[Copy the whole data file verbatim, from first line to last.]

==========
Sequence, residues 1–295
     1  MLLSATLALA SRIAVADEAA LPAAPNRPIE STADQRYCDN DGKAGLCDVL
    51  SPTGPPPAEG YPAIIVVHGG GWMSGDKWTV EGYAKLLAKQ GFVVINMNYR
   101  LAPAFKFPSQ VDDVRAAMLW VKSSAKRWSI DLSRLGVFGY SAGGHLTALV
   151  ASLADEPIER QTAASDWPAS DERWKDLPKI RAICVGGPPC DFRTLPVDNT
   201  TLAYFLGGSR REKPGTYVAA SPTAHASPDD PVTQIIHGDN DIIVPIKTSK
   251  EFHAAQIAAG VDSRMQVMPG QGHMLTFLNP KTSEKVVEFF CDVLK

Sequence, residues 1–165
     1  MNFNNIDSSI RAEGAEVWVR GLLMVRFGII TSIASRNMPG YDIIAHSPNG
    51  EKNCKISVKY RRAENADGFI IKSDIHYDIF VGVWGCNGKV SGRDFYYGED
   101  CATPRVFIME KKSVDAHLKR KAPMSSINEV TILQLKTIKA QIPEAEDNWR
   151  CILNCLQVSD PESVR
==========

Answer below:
Sequence, residues 1–295
     1  MLLSATLALA SRIAVADEAA LPAAPNRPIE STADQRYCDN DGKAGLCDVL
    51  SPTGPPPAEG YPAIIVVHGG GWMSGDKWTV EGYAKLLAKQ GFVVINMNYR
   101  LAPAFKFPSQ VDDVRAAMLW VKSSAKRWSI DLSRLGVFGY SAGGHLTALV
   151  ASLADEPIER QTAASDWPAS DERWKDLPKI RAICVGGPPC DFRTLPVDNT
   201  TLAYFLGGSR REKPGTYVAA SPTAHASPDD PVTQIIHGDN DIIVPIKTSK
   251  EFHAAQIAAG VDSRMQVMPG QGHMLTFLNP KTSEKVVEFF CDVLK

Sequence, residues 1–165
     1  MNFNNIDSSI RAEGAEVWVR GLLMVRFGII TSIASRNMPG YDIIAHSPNG
    51  EKNCKISVKY RRAENADGFI IKSDIHYDIF VGVWGCNGKV SGRDFYYGED
   101  CATPRVFIME KKSVDAHLKR KAPMSSINEV TILQLKTIKA QIPEAEDNWR
   151  CILNCLQVSD PESVR